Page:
|04.09.15 at 9:34 am ET|
Red Sox president/CEO Larry Lucchino joined Dennis & Callahan Thursday morning to discuss the open of the 2015 season, and also the recent contract extension of pitcher Rick Porcello. To hear the interview, go to the Dennis & Callahan audio on demand page.
Porcello inked a four-year extension for $82.5 million on Monday. The right-hander is 26 years old, and a major reason for the organization extending him now was to get a pitcher in his prime years, as opposed to signing a pitcher closer to age 30.
“I think it shouldn’t surprise you, we’ve been talking for really for years of the prime time [of] pitchers in their 20s,” Lucchino said. “There are a lot of very good reasons for this contract. We’ll have to wait and see how it plays out, as there are no guarantees in this game, but Rick has the right stuff in both personality and character and pitching. He has a track record. He’s a guy that our pitching evaluators and our health evaluators are very strong opinionated about. He is 26 years old. I would also say you might have to step back a little bit and look at the entire portfolio of contracts that we have.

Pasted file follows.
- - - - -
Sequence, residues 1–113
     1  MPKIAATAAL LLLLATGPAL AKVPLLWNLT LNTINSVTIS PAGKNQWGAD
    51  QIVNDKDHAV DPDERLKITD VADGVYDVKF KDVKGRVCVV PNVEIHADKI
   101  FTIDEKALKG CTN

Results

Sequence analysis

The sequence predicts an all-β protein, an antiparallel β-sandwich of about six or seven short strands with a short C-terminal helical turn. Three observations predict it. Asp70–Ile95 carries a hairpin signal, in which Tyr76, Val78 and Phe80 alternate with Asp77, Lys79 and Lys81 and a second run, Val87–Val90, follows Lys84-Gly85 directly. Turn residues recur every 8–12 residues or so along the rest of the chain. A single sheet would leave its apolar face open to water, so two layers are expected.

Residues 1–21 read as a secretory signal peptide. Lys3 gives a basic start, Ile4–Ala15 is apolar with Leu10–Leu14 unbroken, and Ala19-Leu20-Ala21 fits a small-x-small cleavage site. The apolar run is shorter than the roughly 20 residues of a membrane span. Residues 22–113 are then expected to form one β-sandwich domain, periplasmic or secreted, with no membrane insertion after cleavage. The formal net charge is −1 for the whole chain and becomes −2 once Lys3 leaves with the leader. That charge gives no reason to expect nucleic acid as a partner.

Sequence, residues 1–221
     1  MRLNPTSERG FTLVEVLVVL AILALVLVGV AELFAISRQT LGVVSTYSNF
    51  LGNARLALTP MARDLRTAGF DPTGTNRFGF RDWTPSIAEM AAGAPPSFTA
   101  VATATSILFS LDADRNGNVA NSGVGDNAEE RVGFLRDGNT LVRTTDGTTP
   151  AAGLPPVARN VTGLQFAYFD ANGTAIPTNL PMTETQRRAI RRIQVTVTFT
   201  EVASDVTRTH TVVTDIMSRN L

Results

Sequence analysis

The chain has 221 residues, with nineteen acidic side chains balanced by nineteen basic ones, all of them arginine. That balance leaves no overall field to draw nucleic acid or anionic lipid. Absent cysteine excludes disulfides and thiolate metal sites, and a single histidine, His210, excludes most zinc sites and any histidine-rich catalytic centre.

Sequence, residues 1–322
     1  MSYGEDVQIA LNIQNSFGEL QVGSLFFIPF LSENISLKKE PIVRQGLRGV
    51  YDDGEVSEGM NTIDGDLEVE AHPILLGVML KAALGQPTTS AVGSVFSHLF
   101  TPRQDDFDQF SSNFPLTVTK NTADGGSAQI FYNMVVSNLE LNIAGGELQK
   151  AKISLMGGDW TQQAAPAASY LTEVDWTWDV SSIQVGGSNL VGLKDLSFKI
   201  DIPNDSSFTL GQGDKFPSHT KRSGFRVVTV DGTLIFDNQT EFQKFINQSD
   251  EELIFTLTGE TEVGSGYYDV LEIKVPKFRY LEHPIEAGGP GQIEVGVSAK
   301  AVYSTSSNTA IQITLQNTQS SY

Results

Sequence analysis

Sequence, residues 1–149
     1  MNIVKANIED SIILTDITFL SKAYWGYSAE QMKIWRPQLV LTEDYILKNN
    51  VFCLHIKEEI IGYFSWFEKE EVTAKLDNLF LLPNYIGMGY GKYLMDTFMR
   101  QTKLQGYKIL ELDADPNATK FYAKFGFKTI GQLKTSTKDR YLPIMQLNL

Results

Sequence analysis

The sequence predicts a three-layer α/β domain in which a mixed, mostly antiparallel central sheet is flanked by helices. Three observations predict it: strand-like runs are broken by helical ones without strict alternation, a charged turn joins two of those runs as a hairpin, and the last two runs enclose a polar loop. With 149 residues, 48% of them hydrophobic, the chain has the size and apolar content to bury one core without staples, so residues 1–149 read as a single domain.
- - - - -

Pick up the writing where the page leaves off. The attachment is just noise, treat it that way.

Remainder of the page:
“We don’t have many long-term contracts and with this four-year extension we will have Rick for five years and we gave up a very good player to get him in [Yoenis] Cespedes. We will have Rick Porcello around for some time and that will give us a longer term contract that balances out the portfolio of contracts so you just don’t have all short-term contracts or too many long-term contracts. We have a pretty healthy balance in our player contract portfolio.”
As part of announcing his extension on The Players’ Tribune website, Porcello had a number of positive things to say of the Red Sox organization, including their Winter Weekend at Foxwoods in January.
“I did read that and I did think that was a very thoughtful and positive piece,” said Lucchino. “In fact I made sure it was distributed to folks in our front office to get a sense of it because there was a lot about it that was positive — his general view of how much we care about winning, the steps we take to make sure our players can be at their best. It was one little footnote to it that we enjoyed — we had our Winter Weekend for the first time this year and it was at that Winter Weekend that Rick got to know some of his teammates and he made specific reference to it as a way that he saw how this organization is set up and the personalities of his teammates and got a sense of both comfort and confidence from that Winter Weekend. For us that Winter Weekend was an experiment in late January to bring some baseball fever to our fans and it was enormously successful. It had a very important team building element to it.”
Following are more highlights from the interview. For more Red Sox news, visit weei.com/redsox.